Frontier says California approval delayed is funding denied

8 July 2015 by Steve Blum
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Let’s hope there will be something to celebrate come New Year’s Eve.

It’s worth $192 million to rural areas of the state if the California Public Utilities Commission sticks to the schedule it set for reviewing Frontier Communications’ proposed purchase of Verizon’s wireline telephone systems. That’s one of the significant points of a joint response made by the two companies to questions posed by the Federal Communications Commission as it also reviews the transaction.

Frontier says it will use state and federal subsidies to upgrade broadband infrastructure in California

If Frontier is able to obtain regulatory approvals for the Transaction prior to December 31, 2015, it will utilize available funding for broadband deployment in the high cost areas within the Transferring Companies’ territories. For example, in California Frontier is seeking to be able to use CAF Phase II support of approximately $32 million annually over the next six years for broadband deployment in the Verizon California high cost service areas. Over this six-year period, Frontier estimates that the CAF support funding will enable approximately 77,000 locations in high cost areas of Verizon California service territory to obtain 10 Mbps downstream /1 Mbps upstream broadband service. Absent acceptance of the funding, however, there will be a multiple-year delay for deployment in these areas, if broadband is deployed at all. …Frontier also plans to utilize other available supplemental funding programs, including the California Advanced Services Fund [CASF], to expand broadband availability.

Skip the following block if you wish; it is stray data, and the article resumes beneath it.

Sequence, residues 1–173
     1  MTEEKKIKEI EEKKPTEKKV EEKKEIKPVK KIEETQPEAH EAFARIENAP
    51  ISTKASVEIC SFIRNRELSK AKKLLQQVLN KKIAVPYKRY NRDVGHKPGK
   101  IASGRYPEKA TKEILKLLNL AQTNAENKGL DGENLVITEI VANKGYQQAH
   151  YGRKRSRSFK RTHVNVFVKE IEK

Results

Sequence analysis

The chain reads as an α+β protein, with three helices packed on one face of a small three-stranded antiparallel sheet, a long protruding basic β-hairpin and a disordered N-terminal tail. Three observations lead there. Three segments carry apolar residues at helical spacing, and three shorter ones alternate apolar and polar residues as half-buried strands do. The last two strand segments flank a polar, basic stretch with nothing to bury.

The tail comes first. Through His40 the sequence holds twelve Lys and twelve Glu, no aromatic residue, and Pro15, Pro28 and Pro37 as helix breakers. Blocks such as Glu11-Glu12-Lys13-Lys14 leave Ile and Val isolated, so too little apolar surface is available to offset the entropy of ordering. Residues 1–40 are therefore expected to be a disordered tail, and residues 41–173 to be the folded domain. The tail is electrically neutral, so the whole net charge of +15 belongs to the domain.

Those “high cost areas” are nearly exclusively in remote rural regions of California. The federal funding stream of $32 million a year for six years is an operating subsidy and not a direct payment for construction work, so it doesn’t necessarily translate into $192 million worth of new infrastructure. But combined with money from CASF and Frontier’s own capital, it represents both a substantial investment in broadband upgrades and an enforceable promise, if the CPUC recognises it as such when it – presumably and timely – approves the deal.